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Wednesday, July 26, 2017

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Have your students introduce YOU to the class

So many teachers right now are asking about
that first day of school. I thought I'd make a quick blog post with a fantastic no-prep, no tech option.

I can only do this one in the summer with incoming freshmen as during the school year I have too many students who already know me (because I taught them during the summer).

Many teachers do this with a fancy handout or PowerPoint. Since I never know the status of my classroom the first day (e.g. How many students? Will I have technology?) I keep this no-prep and easy.
  1. I warmly welcome students to my class and ask them what kinds of things teachers usually share about themselves the first day. As they give me answers I write them on the board
    • Home city, If they have kids, Professional background, etc.
      • If students don't guess right away you can nudge them, but I usually get a pretty good list.
  2. We sort the list into three different categories
    • Usually we get something like:
      1. How does she teach?Teacher Type
        • We tie this into rules and expectations too.
      2. What has she done? Background
        • Professional, Personal
      3. What does she like and dislike? Personality
        • I have LOTS of "me" around the class, if you don't you may not want to include this.
  3. I pass out scratch pieces of paper and tell them to walk around the classroom and find any evidence they can that shows them who I am as a teacher. 
    1. Depending on how involved they are, I usually give about five minutes.
      • If they're just sitting or staring at one spot. End it sooner. But they're usually into it.
    2. You may need to set more guidelines depending on your privacy. I let them open any drawer that is unlocked and have even had a (rather brave) student ask if he could look in my purse. I allow it!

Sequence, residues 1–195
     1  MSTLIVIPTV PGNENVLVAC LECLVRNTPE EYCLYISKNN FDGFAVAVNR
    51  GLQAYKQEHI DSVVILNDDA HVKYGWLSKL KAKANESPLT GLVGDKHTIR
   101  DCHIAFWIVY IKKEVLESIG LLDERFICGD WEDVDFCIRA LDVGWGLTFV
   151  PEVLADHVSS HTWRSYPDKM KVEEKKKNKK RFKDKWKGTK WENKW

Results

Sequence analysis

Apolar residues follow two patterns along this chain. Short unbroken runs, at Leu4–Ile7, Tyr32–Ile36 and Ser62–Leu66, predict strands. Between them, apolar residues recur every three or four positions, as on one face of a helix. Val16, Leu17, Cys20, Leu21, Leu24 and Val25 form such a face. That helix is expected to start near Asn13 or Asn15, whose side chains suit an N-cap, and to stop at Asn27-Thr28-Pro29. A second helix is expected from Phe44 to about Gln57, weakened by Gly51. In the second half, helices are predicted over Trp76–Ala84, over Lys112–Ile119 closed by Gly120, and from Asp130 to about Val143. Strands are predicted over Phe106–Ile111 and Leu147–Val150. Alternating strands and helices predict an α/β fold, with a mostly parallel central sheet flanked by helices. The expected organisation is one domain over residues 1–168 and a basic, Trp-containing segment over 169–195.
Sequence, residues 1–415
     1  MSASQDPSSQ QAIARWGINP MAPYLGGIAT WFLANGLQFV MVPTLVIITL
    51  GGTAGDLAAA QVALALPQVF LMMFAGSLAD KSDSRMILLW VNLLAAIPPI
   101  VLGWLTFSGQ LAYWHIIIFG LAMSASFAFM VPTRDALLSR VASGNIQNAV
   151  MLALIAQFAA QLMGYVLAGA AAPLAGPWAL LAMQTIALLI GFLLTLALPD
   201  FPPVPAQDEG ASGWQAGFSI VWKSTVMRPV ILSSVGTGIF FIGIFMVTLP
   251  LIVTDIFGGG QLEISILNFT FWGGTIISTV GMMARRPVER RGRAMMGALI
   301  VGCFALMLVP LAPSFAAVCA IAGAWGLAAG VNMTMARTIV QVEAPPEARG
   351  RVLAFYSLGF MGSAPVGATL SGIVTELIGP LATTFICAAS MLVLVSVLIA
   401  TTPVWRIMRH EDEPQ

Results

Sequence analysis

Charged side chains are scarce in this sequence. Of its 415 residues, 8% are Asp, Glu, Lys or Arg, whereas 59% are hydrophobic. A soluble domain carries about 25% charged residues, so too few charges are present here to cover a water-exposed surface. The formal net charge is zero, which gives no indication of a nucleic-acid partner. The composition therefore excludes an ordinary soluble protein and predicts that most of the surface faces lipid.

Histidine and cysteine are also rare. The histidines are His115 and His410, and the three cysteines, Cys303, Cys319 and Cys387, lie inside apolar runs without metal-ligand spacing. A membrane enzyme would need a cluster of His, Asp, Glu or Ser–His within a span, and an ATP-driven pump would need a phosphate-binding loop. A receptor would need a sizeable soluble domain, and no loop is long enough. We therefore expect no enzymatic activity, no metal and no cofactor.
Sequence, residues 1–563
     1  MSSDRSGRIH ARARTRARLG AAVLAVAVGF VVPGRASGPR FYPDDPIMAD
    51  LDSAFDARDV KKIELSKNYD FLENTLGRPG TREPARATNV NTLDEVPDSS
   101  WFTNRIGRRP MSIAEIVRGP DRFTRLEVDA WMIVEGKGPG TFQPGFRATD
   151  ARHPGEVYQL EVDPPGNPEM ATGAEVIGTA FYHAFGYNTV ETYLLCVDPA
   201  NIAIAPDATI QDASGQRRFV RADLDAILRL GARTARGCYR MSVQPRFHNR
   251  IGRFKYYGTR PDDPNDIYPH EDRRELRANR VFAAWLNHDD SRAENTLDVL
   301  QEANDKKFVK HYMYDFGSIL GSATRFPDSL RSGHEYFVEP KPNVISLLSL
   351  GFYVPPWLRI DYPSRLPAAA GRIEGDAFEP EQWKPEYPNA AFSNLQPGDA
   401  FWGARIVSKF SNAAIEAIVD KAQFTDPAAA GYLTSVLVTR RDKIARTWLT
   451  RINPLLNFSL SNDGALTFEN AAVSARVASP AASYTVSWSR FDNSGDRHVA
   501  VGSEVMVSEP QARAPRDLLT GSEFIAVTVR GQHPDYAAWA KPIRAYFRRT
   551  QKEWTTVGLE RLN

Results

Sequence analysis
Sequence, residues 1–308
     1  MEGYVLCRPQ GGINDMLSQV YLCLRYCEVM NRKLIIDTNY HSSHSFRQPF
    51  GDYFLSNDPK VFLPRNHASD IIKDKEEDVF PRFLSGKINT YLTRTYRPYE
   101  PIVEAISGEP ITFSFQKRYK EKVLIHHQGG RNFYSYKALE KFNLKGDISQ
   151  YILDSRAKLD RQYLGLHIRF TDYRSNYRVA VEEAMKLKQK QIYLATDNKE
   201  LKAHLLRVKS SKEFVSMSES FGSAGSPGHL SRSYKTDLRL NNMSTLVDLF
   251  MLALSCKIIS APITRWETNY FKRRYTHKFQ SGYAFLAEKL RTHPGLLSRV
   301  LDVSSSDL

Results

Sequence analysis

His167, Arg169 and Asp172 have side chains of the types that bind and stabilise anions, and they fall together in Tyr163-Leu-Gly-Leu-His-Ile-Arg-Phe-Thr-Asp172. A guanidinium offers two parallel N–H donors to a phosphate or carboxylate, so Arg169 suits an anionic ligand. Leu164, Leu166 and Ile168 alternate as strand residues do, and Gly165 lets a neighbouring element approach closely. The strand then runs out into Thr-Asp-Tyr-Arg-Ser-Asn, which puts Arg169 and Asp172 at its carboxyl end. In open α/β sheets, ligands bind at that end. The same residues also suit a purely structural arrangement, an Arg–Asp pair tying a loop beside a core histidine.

4. Stop the class and have them see what evidence someone else collected. Sharing is caring!
  5. Tell them now they are going to take the evidence and explain how it tells them who I am. I usually give an example
    1. Ms. Peck has almonds on her desk. This tells me she is trying to eat healthy.
    2. I also model using different evidence to support the same conclusion: Ms. Peck has almonds on her desk and bike pedals under it. This tells us she wants to be healthy.
    3. As I say this I also write it on the board. Then I erase my specific terms and the students are left with a sentence frame: Ms. Peck has _______ This tells me ______.
  6. As this is a little more intense, they'll be in groups (I like my groups of 3-4 students so divide appropriately) I also assign each group a category: personality, teaching, background
  7. Give them some more time (2-5 minutes) to gather more evidence now that they have a category and goal.
  8. Encourage students to focus on the evidence they have to create a mini-presentation on what type of teacher Ms. Peck is.
  9. Students present!
    1. As students present I praise them for their conclusions even if they are wrong..
      • Example: I had a student infer I was Native American because of my complexion and the dreamcatcher in my class. I shared I was Mexican and the dream catcher was for a different reason. Then as a class I tried to get them to guess (I taught American literature)
    2. Other times they are right but their evidence doesn't support it.
      • Example: I had a student infer I loved to travel because of my travel signs in the classroom (that pointed to Rome, London, etc.) I explained those were because I teach World Literature and asked if anyone saw any evidence that I love to travel other that those? (My diploma from Spain, the picture of me riding an elephant)
  10. You're done! Congratulations you had a first day where students got to:
    • Work in teams
    • Find evidence
    • Though critically
    • Make inferences based on evidence
    • Learned about you
    • Moved around
    • I feel awkward calling this student centered, as it's all ABOUT the teacher, but the students do all the heavy lifting.
    • And had fun! 

2 comments:

  1. Great idea!!! This is something different.

    ReplyDelete
  2. Thanks for sharing! Will give it a try!!

    ReplyDelete

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